Chapter 48A of the West Virginia Code provides for the enforcement of family
obligations. West Virginia Code §§ 48A-1A-1 to -32 (1999) define the terms used by the
West Virginia Legislature for the enforcement of these obligations. West Virginia Code §§
48A-1B-1 to -17 (1999) provide the guidelines for awarding child support. Child support
determinations have been reduced to a math calculation.See footnote 7
Guidelines for child support award
amounts ensure greater uniformity for calculating child support and increase predictability
for parents, children and other persons who are directly affected by child support orders.
West Virginia Code § 48A-1B-6See footnote 8
sets forth the procedure for computing child
support in sole custody cases. The statute also provides the worksheet to be followed in
calculating child support. See W.Va. Code § 48A-1B-6(c). The worksheet determines the
total child support obligation by combining the basic obligation with certain adjustments.
Adjustments are allowable expenses or credits pertaining to the child for who the formula
is being calculated. West Virginia Code § 48A-1B-6(a) and (b) specifically provide:
(a) For sole custody cases, the total child support obligation consists of the basis child support obligation plus the child's share of any unreimbursed health care expenses, work- related child care expenses and any other extraordinary expenses agreed to by the parents or ordered by the court less any extraordinary credits agreed to by the parents or ordered by the court.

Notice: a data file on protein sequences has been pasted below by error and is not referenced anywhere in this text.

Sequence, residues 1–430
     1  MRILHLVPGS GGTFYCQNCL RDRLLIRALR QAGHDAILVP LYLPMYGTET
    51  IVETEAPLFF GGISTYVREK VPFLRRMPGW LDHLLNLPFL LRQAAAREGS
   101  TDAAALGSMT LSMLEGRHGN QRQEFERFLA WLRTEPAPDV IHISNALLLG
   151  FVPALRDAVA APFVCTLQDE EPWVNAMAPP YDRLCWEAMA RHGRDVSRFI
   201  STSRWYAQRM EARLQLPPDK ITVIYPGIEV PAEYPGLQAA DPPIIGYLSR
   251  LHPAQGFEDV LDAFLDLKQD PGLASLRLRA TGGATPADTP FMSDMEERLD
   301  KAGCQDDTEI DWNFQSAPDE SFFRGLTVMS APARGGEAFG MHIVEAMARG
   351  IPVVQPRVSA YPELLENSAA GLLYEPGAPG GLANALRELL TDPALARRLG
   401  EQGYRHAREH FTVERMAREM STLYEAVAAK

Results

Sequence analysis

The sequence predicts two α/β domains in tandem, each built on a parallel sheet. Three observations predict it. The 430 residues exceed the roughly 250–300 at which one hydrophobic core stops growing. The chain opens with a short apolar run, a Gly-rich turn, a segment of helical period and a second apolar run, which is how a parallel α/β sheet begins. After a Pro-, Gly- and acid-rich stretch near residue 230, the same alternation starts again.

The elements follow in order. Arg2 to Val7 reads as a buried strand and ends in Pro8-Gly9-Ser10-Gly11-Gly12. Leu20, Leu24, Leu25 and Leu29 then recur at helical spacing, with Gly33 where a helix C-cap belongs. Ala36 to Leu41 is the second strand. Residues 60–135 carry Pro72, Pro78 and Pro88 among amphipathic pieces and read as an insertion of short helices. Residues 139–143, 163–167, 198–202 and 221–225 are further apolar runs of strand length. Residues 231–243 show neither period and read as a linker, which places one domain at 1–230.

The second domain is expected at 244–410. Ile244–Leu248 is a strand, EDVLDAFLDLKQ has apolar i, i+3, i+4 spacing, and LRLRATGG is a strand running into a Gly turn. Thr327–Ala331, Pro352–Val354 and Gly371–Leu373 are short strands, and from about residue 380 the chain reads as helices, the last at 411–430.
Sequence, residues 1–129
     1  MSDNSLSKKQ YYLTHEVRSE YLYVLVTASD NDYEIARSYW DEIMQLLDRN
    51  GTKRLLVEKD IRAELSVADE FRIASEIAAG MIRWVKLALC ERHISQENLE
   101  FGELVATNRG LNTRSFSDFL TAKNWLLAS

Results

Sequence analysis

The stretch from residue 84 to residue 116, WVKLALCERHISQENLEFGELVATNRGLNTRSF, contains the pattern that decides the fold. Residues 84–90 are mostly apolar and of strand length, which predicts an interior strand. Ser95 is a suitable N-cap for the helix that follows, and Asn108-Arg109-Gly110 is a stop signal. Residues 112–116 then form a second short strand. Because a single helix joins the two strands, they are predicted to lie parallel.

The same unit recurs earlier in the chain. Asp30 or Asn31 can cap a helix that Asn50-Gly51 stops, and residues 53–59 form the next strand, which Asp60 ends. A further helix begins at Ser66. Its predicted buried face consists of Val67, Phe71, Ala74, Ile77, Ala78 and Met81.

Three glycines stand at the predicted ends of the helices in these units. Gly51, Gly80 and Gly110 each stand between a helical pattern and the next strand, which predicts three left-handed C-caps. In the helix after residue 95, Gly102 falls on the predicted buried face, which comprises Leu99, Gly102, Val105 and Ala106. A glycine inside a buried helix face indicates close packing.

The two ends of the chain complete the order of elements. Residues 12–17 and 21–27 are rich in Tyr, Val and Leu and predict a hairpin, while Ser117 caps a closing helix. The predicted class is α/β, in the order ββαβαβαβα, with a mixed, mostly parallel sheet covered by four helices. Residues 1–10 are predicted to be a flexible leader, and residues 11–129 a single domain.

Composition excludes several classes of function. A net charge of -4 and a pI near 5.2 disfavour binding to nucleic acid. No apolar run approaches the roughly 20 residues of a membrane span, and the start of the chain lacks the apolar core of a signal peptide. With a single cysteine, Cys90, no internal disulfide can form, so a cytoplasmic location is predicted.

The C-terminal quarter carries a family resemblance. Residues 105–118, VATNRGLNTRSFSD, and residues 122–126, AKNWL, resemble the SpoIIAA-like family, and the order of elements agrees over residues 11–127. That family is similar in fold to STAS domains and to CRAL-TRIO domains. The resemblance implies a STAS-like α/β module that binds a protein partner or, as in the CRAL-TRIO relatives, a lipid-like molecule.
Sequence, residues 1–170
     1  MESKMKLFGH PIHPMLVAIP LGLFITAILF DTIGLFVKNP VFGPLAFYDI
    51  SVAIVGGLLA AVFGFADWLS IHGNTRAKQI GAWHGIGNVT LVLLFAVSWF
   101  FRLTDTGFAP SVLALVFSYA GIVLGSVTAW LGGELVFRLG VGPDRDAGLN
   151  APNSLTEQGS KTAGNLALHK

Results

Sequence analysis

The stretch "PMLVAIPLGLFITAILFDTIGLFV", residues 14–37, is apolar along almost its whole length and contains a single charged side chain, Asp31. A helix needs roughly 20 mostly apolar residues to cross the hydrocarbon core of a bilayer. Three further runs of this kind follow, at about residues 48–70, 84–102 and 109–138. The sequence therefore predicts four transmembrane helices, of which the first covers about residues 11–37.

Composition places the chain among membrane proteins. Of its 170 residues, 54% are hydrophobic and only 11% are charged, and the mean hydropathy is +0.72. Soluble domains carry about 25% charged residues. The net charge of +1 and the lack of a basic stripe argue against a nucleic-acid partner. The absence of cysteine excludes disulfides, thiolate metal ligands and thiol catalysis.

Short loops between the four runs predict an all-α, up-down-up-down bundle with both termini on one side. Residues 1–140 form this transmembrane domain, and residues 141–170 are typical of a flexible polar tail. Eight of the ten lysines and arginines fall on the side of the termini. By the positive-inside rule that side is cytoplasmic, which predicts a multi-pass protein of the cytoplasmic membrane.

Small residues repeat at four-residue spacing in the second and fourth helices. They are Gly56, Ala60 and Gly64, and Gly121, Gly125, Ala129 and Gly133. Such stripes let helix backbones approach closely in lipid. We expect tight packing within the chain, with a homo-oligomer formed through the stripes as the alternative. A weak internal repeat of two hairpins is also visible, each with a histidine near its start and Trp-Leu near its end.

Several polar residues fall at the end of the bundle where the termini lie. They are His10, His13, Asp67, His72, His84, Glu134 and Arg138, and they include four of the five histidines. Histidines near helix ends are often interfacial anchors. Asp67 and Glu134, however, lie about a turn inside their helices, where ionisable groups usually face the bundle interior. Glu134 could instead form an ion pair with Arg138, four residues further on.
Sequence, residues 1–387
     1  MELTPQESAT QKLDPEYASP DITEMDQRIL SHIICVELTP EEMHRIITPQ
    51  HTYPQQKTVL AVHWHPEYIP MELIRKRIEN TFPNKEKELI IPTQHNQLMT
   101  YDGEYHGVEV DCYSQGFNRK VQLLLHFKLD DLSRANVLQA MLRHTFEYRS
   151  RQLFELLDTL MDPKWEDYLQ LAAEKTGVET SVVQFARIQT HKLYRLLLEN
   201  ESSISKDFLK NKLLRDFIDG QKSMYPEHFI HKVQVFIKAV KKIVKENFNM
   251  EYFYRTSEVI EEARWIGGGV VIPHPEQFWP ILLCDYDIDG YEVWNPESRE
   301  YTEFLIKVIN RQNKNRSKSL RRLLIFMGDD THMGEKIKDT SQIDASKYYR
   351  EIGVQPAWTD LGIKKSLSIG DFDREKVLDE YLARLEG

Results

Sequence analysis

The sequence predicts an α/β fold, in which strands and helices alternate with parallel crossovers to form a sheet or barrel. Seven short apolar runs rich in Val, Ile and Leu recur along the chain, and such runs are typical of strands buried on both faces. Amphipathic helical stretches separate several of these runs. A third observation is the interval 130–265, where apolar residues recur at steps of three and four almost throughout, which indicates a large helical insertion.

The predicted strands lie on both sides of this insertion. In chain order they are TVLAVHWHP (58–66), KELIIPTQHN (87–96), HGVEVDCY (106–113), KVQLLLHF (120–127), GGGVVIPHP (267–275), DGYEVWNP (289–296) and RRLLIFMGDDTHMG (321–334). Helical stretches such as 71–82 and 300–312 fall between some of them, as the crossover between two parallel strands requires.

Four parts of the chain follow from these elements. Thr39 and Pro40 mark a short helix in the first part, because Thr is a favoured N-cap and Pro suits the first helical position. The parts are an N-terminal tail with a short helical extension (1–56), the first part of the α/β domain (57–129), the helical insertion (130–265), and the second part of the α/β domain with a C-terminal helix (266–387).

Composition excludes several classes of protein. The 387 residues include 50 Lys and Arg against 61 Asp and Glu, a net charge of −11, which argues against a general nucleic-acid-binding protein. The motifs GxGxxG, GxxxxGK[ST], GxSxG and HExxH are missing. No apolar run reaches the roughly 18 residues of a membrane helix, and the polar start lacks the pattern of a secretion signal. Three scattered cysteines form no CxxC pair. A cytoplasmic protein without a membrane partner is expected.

(b) In a sole custody case, the total basic child support obligation is divided between the parents in proportion to their income. From this amount is subtracted the obligor's direct expenditures of any items which were added to the basis child support obligation to arrive at the total child support obligation.
West Virginia Code § 48A-1A-19(b)(4) (1998), the statute in effect at the time
the Family Law Master and circuit court entered their respective orders,See footnote 9
income for the purposes of enforcing family obligations and calculating child support as
[e]xpense reimbursements or in kind payments such as business expense accounts, business
credit accounts and tangible property such as automobiles and meals, to the extent that they
provide the parent with property or services he or she would otherwise have to provide. Id.
The definition of gross income clearly includes in kind payments to the extent
that they provide a parent with property he or she would otherwise have to provide for
himself or herself. Had the home not been provided by Appellee for the use and benefit of
the child, Appellant would have had to provide a home for herself and the child, thereby
paying either rent or mortgage. By not having to pay rent or a mortgage, Appellant clearly
receives an in kind monthly payment of $600.00, the rental value of the home.
Although this issue has not been specifically addressed by this Court, a similar
situation has been litigated in Florida. In Thomas v. Thomas, 712 So.2d 822 (Fla. Dist. Ct.
App. 1998), the District Court of Appeal of Florida, Second Circuit, found that when the
child support obligee has the exclusive right to occupy the home to the exclusion of the child
support obligor who could not claim rent, the value of the right to occupy the home should